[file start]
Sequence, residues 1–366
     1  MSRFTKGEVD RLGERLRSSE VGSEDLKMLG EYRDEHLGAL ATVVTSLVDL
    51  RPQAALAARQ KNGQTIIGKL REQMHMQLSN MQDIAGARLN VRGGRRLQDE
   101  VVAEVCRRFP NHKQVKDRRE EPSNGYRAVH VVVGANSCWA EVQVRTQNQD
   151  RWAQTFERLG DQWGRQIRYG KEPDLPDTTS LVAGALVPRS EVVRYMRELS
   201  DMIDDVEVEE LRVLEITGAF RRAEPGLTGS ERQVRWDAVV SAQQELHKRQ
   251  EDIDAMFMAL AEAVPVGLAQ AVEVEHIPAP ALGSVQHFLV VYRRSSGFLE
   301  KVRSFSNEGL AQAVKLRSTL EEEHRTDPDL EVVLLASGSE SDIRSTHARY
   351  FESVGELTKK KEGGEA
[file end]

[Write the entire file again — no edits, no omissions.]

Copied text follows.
Sequence, residues 1–366
     1  MSRFTKGEVD RLGERLRSSE VGSEDLKMLG EYRDEHLGAL ATVVTSLVDL
    51  RPQAALAARQ KNGQTIIGKL REQMHMQLSN MQDIAGARLN VRGGRRLQDE
   101  VVAEVCRRFP NHKQVKDRRE EPSNGYRAVH VVVGANSCWA EVQVRTQNQD
   151  RWAQTFERLG DQWGRQIRYG KEPDLPDTTS LVAGALVPRS EVVRYMRELS
   201  DMIDDVEVEE LRVLEITGAF RRAEPGLTGS ERQVRWDAVV SAQQELHKRQ
   251  EDIDAMFMAL AEAVPVGLAQ AVEVEHIPAP ALGSVQHFLV VYRRSSGFLE
   301  KVRSFSNEGL AQAVKLRSTL EEEHRTDPDL EVVLLASGSE SDIRSTHARY
   351  FESVGELTKK KEGGEA